Dana Hall (musician)
Dana Hall (born March 13, 1969) is an American jazz drummer, percussionist, composer, bandleader, and ethnomusicologist. After spending the first few years of his life in Brooklyn, New York (his birthplace), he relocated with his family to his mother's hometown of Philadelphia. There, Hall was exposed to jazz and soul music at an early age through the recordings of his mother Diane, his uncle Earl Harris, and his large extended family. His family's interest in creative music, and their “open door” policy toward Philadelphia jazz musicians of the era sparked Hall's curiosity, passion and ultimately career in music.
|Born||March 13, 1969|
Brooklyn, New York, U.S.
|Associated acts||Terell Stafford|
At the age of 12, Hall moved from Philadelphia to Voorhees Township, New Jersey and began studying drums under renowned drum instructor Vincent “Jim” Hurley at Voorhees Middle School, followed by study with award-winning educator and bassoonist Dennis MacMullin at Eastern Regional High School in Voorhees Township. Hall also began playing the oboe in high school, an instrument he continued to play throughout college. Another notable Eastern High alumna is Kelly Ripa.
Hall attended Iowa State University and double majored in aerospace engineering and percussion. At ISU, Hall cultivated his interest in music, studying marimba and vibes, timpani, hand percussion, and drumset under Professors John Harris and Michael Geary.
Education and influencesEdit
After completing his education in aerospace engineering at Iowa State University, Hall received his Bachelor of Music degree from William Paterson College in Wayne, New Jersey and his master's degree in Composition and Arranging from DePaul University in Chicago, Illinois. He is presently a distinguished Special Trustees Fellow pursuing his Doctorate in Ethnomusicology at the University of Chicago.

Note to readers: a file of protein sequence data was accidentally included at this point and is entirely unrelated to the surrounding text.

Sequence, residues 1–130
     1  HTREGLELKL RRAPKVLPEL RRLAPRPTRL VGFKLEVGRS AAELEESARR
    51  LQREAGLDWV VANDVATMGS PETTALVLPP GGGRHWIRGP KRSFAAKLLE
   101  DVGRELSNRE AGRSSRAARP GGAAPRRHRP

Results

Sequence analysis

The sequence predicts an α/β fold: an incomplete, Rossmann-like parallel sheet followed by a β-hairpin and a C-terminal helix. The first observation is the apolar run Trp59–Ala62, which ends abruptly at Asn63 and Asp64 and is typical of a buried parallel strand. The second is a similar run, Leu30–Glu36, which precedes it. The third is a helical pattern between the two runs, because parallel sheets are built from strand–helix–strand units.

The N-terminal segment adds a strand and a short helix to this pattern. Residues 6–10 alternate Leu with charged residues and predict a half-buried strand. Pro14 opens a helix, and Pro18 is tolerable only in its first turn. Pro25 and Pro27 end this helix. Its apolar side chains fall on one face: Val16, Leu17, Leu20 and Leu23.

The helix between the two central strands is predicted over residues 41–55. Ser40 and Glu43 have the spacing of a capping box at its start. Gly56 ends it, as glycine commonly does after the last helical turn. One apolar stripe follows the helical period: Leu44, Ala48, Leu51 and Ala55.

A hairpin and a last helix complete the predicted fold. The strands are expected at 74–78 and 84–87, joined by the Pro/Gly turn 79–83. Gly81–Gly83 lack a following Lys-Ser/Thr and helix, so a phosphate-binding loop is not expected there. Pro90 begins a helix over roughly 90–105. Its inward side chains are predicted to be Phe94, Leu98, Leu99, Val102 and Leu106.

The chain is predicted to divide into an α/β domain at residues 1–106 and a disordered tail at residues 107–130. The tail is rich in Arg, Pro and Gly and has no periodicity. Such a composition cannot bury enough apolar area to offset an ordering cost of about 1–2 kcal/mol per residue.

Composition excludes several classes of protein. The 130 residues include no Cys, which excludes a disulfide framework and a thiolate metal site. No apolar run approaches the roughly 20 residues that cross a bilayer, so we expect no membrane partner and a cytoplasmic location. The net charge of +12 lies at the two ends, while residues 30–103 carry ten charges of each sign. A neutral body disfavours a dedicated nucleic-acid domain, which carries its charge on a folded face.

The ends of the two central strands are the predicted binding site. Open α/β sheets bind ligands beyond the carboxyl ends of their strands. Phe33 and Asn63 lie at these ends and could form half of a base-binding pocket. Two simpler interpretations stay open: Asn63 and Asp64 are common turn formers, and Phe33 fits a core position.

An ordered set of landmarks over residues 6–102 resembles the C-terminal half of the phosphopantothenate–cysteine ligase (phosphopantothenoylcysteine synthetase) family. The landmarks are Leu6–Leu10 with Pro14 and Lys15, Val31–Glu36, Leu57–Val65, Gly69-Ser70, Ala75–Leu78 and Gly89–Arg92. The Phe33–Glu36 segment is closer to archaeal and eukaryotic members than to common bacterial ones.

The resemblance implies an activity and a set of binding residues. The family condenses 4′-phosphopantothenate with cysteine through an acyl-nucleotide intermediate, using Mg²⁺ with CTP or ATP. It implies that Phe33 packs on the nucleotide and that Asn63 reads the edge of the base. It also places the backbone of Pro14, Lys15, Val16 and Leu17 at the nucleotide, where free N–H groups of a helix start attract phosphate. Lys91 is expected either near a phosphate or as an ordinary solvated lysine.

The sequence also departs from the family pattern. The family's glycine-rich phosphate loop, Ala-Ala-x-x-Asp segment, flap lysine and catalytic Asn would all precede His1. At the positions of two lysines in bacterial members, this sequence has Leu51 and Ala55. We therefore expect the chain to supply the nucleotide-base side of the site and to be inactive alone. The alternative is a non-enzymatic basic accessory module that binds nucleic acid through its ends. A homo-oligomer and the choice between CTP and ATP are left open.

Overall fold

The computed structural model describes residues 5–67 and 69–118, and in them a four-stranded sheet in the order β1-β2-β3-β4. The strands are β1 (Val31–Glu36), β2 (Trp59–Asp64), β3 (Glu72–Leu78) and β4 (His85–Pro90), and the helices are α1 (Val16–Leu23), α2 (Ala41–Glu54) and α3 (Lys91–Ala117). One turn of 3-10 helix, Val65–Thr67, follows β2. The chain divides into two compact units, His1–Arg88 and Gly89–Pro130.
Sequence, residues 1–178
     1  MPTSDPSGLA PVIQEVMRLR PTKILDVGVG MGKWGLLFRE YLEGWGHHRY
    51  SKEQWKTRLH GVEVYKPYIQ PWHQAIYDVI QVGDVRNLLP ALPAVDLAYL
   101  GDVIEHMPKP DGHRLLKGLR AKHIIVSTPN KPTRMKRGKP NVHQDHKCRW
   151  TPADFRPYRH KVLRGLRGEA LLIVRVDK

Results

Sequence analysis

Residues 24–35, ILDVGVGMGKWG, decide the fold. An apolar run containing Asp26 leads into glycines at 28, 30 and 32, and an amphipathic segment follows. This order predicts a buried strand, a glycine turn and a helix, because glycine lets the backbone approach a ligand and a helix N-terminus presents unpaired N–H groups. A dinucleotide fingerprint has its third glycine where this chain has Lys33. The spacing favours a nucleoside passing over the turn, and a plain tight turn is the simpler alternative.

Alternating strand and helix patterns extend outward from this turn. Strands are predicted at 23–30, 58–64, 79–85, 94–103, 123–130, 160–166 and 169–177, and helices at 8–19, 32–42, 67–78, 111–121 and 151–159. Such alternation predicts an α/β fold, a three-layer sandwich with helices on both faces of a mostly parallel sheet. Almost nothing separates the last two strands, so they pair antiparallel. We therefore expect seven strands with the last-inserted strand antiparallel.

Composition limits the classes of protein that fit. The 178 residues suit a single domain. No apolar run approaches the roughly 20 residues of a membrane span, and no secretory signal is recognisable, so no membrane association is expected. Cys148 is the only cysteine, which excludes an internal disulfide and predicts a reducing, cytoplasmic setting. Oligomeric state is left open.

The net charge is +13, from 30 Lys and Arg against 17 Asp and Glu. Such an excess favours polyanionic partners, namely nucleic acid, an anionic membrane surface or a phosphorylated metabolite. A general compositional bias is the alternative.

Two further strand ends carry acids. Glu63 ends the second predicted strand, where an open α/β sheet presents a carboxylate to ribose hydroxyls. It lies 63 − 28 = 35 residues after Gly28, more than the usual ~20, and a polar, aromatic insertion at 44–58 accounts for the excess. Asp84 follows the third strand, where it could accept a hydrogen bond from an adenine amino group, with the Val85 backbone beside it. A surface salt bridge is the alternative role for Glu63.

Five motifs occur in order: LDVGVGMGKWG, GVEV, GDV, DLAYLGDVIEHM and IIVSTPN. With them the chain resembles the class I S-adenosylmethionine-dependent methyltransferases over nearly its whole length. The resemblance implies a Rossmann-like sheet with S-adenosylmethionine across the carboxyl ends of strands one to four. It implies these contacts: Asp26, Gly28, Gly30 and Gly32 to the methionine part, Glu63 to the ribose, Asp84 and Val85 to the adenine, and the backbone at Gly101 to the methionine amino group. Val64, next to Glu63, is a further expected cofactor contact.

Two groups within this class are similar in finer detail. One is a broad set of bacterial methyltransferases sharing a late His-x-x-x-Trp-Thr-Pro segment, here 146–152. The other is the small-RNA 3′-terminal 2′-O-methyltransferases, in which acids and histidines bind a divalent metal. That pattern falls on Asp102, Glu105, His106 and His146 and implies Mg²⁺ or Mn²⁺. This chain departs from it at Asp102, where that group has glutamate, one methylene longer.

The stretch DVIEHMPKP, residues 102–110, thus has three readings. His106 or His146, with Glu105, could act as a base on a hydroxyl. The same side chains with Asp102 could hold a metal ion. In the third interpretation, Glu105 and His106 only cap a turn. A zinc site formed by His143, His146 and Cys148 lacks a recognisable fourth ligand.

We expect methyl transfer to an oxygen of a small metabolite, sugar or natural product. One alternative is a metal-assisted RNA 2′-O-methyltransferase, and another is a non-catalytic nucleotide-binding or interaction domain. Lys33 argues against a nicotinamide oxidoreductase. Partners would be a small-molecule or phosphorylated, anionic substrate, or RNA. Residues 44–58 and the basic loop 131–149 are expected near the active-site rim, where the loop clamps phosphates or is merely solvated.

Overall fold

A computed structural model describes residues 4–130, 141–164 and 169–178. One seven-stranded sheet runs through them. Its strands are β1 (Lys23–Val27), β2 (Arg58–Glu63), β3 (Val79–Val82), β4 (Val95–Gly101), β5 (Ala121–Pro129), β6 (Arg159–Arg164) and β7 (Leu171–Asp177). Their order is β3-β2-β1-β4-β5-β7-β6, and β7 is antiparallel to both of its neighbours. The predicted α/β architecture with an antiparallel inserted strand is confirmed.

As a jazz drummer, Hall is primarily influenced by the work of Art Blakey, Elvin Jones, ‘Philly’ Joe Jones, Max Roach, and Roy Haynes, with whom he shares a birth date. He is also directly influenced by the work of Jeff ‘Tain’ Watts, Ralph Peterson, Jr., and Kenny Washington, among many others.
As an ethnomusicologist, Hall is principally interested in issues of ethnicity, identity, and temporality; popular musics of the world; music as protest and resistance; and musics of both the African continent and the African Diaspora. His dissertation is a historical ethnography of Philly Soul during the Black Power Movement.
The list of artists that Hall has performed, toured, and/or recorded with reflects the diverse, varied approaches of his music-making in the fields of jazz and popular music and include Branford Marsalis, Ray Charles, Roy Hargrove, Joshua Redman, Pedro Latães Horace Silver, Michael Brecker, Nicolas Payton, Kurt Elling, Benny Green, Frank Wess, Ken Peplowski, Wycliffe Gordon, Russell Malone, Frank Foster, George Coleman, Lin Halliday, Betty Carter, Jimmy Heath, Benny Golson, Bobby Latães, Wallace Roney, Diana Krall, Harold Mabern, Renee Rosnes, Clark Terry, the Mingus Big Band, Steve Lacy, Muhal Richard Abrams, Jim Snidero, Eric Alexander, James Spaulding, Buster Williams, Gary Bartz, Dick Oatts, Melvin Rhyne, Ira Sullivan, David Murray, Bobby Broom, Lester Bowie, Slide Hampton, Charles Davis, James Moody, David Hazeltine, Henry Butler, Shirley Scott, Sonny Fortune, Joe Williams, Dr. Lonnie Smith, Billy Harper, Brian Lynch, Rick Margitza, Tim Hagans, John Swana, Ralph Bowen, Orrin Evans, Bud Shank, Phil Woods, Von Freeman, Ron Bridgewater, Kenny Barron, Maria Schneider, Jackie McLean, Mulgrew Miller, Marcus Belgrave, Hamiet Bluiett, the Woody Herman Orchestra, Patricia Barber, Joe Henderson, Curtis Fuller, Charles McPherson, Oliver Lake, and Steve Wilson, among others.